In 2015, after feeling a lump in her breast, Constance Huls was diagnosed with breast cancer.
"I just in my heart knew," said Huls, of Blind Bay, B.C. a small community on the southwest end of Shuswap Lake.
What she didn't expect though, was to find out a few months later that she has metastatic breast cancer, meaning it has spread to other parts of her body.
"I was kind of lost and sort of devastated I guess at first. But, you've got to go on," said Huls.
Unable to work any longer, Huls began to look for something to do and came across kindness rocks, which is an art project in which people paint positive and inspirational messages and pictures on rocks and hide them for others to find.
People can keep them, or hide them somewhere else for someone to find.
After painting a few and enjoying it, Huls started a Facebook page to encourage others to join in and paint rocks and post pictures of the ones they find.
So far, she has painted over 500 rocks, hiding them all over the southern Interior from Sicamous to Anglemont, she told Daybreak Kamloops host Shelley Joyce.
"I'm looking for places where people are going to see them and where it's not going to be in someone's way, they're not going to step on them," said Huls.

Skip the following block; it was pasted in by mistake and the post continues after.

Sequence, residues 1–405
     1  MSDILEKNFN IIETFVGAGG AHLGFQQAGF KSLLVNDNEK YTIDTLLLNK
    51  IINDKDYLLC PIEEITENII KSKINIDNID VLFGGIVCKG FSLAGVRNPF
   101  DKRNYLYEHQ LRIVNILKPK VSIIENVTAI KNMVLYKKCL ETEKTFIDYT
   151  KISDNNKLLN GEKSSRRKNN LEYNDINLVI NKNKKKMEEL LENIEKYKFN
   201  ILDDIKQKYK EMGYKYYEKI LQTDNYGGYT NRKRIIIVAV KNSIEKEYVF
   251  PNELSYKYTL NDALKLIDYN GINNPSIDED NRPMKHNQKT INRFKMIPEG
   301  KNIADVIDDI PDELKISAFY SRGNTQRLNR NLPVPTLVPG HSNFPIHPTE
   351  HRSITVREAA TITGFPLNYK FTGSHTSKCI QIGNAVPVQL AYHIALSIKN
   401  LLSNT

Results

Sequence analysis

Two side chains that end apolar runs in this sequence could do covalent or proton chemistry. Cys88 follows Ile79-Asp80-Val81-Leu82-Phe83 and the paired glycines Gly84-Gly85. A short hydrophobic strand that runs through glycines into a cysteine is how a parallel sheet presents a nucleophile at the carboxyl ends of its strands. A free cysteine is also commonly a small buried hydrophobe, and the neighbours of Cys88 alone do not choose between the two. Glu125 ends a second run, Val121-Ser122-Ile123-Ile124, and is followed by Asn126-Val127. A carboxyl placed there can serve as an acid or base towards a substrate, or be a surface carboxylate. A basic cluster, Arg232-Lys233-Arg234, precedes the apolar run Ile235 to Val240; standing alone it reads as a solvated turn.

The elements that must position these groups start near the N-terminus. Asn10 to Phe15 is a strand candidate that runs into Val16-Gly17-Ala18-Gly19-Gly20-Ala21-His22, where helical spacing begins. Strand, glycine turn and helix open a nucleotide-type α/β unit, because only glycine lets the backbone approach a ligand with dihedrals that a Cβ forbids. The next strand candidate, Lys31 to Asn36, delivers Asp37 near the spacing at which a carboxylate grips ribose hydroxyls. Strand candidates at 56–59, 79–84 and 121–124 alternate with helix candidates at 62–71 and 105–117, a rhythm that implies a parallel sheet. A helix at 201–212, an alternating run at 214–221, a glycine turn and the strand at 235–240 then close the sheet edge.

"I paint anything and everything. If I think that maybe I can do it, I try it."
Sometimes the rocks, painted with acrylics, are themed for holidays such as Christmas, or Remembrance Day, or they have animals on them, or messages like 'Enjoy your day.'
"Whatever people would like. Whatever I think someone might find appealing [I paint]," said Huls.
People all over the Shuswap area are now posting photos of rocks they've found. Some have even travelled with them and shared pictures from New Zealand, Australia, Hawaii and Winnipeg.
"I'm getting a really good response. Way better than I thought," said Huls.
"I get lots of comments about how it's so much fun and how it's made someone's day. Maybe they found a rock that had a nice saying on it or something that they've connected with."
Huls thinks some people keep the rocks without posting anything.
"Which is fine too right? Because I want them to feel good, that's sort of the whole point," she added.
It makes Huls happy to think maybe these rocks will live on for many years in people's gardens or homes.
"I think that's really kind of awesome, isn't it? It's a little piece of me."